Protecting yourself from the influenza virus is important because it can be fatal, Alonto said. It can lead to pneumonia in the elderly, children and other people with compromised immune systems.

    He recommends the influenza vaccine, or flu shot, for everyone older than 6 months. The flu shot protects people from the most common viruses that are circulating, Alonto said.

    People cannot get sick from the vaccine, a common misconception, because it isn’t a live vaccine, he said. A live vaccine contains a weakened version of the living microbe that can’t cause disease. The nasal influenza vaccine is a live vaccine. Generally, people don’t get sick from it because it’s not used on people who have weak immune systems, he said.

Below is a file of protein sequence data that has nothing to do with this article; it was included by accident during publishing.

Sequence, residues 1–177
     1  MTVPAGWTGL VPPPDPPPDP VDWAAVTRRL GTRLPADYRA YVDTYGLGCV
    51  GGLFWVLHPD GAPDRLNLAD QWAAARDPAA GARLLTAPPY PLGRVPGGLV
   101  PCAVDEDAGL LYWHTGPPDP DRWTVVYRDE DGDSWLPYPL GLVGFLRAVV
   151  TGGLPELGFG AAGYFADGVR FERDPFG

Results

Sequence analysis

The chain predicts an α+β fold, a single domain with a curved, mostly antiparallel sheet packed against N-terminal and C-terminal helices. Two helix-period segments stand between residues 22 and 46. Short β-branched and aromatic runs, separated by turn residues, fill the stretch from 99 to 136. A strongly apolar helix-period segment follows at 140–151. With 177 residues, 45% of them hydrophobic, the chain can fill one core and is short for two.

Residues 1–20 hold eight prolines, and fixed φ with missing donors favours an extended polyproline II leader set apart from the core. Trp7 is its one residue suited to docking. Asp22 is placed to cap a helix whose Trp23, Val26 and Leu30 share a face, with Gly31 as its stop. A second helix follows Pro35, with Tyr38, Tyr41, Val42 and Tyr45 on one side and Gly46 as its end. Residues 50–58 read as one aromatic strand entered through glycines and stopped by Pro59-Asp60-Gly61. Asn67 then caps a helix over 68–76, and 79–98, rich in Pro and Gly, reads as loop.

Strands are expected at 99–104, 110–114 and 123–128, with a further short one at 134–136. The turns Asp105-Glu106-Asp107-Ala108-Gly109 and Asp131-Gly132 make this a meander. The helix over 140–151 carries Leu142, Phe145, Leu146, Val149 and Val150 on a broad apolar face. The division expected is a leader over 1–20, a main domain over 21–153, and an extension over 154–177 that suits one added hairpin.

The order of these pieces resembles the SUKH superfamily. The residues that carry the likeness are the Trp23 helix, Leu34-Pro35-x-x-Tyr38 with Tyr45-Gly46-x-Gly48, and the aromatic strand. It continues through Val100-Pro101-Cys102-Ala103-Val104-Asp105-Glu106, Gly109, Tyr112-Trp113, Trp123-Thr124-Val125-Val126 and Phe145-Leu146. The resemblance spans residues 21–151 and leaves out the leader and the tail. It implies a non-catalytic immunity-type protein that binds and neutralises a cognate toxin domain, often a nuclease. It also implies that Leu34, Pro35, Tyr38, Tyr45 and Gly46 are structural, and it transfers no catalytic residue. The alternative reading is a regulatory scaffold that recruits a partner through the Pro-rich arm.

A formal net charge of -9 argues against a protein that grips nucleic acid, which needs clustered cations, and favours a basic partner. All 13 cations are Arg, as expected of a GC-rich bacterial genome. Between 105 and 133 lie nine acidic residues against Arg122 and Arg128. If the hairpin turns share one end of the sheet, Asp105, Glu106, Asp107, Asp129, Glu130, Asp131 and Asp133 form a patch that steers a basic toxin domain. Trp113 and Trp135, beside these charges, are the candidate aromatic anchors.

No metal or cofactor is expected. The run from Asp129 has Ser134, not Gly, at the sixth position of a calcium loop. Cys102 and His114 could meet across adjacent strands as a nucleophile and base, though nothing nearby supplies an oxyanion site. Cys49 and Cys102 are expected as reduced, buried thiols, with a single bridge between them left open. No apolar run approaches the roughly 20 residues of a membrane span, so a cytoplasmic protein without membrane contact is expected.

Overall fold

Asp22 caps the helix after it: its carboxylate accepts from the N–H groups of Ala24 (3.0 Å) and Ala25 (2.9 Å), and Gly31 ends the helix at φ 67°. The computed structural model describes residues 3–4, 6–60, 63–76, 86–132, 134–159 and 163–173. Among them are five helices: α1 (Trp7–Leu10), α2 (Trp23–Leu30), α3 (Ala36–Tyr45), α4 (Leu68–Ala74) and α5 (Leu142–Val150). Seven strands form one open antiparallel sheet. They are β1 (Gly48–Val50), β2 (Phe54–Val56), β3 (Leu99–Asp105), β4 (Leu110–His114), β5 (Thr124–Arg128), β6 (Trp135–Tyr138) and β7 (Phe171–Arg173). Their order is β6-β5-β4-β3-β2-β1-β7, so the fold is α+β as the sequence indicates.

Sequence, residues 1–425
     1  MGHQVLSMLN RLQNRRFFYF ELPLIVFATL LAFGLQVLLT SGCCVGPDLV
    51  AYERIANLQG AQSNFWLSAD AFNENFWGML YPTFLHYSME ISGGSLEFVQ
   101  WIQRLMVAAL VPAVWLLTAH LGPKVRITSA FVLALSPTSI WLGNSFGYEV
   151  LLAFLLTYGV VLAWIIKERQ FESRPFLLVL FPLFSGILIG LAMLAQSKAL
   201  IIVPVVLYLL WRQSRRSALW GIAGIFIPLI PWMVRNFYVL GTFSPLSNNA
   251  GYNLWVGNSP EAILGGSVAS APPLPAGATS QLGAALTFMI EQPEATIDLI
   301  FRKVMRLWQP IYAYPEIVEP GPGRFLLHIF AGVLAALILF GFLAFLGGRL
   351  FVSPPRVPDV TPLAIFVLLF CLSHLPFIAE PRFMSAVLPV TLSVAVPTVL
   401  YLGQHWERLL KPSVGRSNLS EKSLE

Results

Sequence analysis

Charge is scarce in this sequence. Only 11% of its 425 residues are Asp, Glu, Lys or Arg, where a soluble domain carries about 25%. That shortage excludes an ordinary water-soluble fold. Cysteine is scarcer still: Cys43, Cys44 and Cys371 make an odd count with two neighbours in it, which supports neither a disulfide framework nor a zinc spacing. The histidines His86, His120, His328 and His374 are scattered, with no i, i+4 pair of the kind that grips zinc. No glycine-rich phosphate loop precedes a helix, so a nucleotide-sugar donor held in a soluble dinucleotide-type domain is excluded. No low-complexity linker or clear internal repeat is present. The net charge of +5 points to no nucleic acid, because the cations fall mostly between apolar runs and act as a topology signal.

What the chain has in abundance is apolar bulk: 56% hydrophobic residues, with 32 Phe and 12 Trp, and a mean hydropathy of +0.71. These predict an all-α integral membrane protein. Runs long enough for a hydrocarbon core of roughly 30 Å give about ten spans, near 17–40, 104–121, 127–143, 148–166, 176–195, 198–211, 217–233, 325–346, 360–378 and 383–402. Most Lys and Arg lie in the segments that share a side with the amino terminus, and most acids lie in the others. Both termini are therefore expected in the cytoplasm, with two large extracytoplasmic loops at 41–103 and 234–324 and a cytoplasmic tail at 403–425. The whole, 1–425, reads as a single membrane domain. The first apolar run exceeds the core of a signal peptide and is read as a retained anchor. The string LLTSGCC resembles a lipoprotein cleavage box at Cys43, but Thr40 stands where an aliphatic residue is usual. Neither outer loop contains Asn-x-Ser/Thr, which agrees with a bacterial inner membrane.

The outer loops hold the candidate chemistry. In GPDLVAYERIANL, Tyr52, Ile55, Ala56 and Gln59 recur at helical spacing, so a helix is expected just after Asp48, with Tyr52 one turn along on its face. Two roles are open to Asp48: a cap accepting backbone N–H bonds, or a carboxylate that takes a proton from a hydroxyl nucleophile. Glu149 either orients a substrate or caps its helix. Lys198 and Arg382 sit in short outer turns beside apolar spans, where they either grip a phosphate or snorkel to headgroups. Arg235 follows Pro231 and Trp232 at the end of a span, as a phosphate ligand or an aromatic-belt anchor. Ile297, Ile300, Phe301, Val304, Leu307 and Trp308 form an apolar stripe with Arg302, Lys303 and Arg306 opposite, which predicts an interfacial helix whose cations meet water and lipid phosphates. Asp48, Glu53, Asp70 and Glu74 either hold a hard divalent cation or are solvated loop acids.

Alonto’s supplemental tips for fending off influenza and other sicknesses include:

    • Wash your hands often or use hand sanitizer.

    • Cover your cough so germs don’t spread.

    • Stay away from others when you’re sick, and stay away from people who are sick.

    • Drink plenty of fluids.

    • Avoid touching handrails, door knobs and other public objects that people touch daily. Viruses can live on those objects for a while, Alonto said. If you do touch them, don’t let your hands go near your face.

    Nourish your body

    A large part of the holidays is centered around food, and most of that food is dense with sugar and fat.

    What we eat impacts how we feel and how healthy we are in the winter months and year round, says Sherri N. Stastny, a licensed registered dietitian and assistant professor at North Dakota State University.